He wants to be a soldier for the sake of the coat and the income and favours the Guards because he is very unlikely to be posted out of London- let alone- oh horrors- on active service. His ambitions swell and deflate. "It is very difficult," he says, talking about worldly success, "To be keen about a thing which in reality you do not regard and consider as imaginary." His ability to stand apart from himself is extraordinary. He records things most of us would hide, making himself ridiculous and touching- and- every once in a while- detestable. His account of his affair with Louisa- the actress who gives him the pox- is as truthful- and as wince-making- as it gets. Also remarkably even-handed. He has a wonderful ear for dialogue.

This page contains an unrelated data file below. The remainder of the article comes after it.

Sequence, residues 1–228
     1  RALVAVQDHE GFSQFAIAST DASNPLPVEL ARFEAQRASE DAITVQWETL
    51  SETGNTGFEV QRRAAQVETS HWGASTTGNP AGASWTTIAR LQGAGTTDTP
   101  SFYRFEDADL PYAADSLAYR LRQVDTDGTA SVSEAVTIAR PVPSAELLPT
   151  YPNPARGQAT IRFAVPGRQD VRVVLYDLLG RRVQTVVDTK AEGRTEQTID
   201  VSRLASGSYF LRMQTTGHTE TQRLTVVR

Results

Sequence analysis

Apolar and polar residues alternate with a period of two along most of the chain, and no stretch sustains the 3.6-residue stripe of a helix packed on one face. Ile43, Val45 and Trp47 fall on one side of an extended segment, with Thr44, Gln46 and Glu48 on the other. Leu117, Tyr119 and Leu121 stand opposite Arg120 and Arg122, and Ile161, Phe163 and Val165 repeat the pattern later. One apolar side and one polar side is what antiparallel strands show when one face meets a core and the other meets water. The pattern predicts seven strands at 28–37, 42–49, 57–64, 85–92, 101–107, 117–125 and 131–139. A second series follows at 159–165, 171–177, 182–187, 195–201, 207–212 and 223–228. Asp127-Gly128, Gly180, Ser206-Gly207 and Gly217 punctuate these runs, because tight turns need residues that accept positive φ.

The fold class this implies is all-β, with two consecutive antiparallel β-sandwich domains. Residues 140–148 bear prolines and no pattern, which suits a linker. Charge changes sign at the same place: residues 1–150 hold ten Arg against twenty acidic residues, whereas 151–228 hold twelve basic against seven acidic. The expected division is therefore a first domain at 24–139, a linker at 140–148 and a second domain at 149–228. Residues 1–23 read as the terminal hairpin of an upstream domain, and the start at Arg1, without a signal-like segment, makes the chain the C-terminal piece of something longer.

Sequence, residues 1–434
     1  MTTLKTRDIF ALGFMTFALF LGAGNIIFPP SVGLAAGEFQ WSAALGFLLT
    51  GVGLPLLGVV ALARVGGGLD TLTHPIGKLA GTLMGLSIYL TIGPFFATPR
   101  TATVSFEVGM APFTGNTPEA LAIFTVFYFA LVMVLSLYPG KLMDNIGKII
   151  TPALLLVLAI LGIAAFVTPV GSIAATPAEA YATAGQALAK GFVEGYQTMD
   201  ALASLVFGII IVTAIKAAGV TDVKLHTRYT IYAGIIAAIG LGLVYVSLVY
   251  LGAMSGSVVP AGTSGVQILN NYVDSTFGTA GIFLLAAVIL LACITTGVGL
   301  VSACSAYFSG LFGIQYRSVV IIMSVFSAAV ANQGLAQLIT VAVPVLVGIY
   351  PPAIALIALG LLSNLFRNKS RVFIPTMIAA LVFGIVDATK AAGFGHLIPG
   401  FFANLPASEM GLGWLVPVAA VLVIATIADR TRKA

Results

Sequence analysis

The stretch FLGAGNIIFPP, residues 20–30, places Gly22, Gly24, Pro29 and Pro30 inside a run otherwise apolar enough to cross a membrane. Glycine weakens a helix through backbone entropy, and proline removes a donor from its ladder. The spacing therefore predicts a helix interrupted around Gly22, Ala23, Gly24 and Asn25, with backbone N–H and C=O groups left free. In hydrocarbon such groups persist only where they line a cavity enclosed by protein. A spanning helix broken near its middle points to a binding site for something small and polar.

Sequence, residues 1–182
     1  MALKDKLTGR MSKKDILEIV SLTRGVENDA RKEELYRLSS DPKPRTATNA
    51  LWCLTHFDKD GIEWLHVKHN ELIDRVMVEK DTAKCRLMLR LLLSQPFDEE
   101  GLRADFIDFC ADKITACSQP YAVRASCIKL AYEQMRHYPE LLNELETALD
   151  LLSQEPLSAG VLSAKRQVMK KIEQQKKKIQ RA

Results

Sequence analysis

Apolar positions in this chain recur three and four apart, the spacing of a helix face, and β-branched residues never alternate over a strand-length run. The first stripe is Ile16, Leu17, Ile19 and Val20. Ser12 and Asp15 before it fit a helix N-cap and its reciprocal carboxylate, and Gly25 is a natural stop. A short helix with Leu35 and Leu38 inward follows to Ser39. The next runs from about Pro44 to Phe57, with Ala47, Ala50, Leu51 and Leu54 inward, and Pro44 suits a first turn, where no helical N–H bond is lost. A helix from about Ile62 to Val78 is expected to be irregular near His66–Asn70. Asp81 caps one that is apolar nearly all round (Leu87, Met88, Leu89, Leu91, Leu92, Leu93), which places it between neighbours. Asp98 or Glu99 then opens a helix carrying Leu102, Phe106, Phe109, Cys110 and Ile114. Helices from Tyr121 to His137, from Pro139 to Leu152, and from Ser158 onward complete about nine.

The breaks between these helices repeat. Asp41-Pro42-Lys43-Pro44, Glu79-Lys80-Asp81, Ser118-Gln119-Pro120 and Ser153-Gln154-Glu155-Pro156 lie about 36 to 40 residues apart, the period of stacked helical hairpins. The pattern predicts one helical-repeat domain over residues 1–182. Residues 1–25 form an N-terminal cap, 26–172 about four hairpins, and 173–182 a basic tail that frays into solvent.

Georgian London is a small world. On the basis of certain connections and some trifling literary achievements he gets to socialize with everybody who is anybody- from "Ossian" Macpherson to David Garrick to the Duchess of Northumberland- who promises to use her influence on his behalf, then avoids him. Towards the end of the Journal Dr Johnson makes an appearance and Boswell, as if sensing his destiny, immediately starts to make notes of his conversation.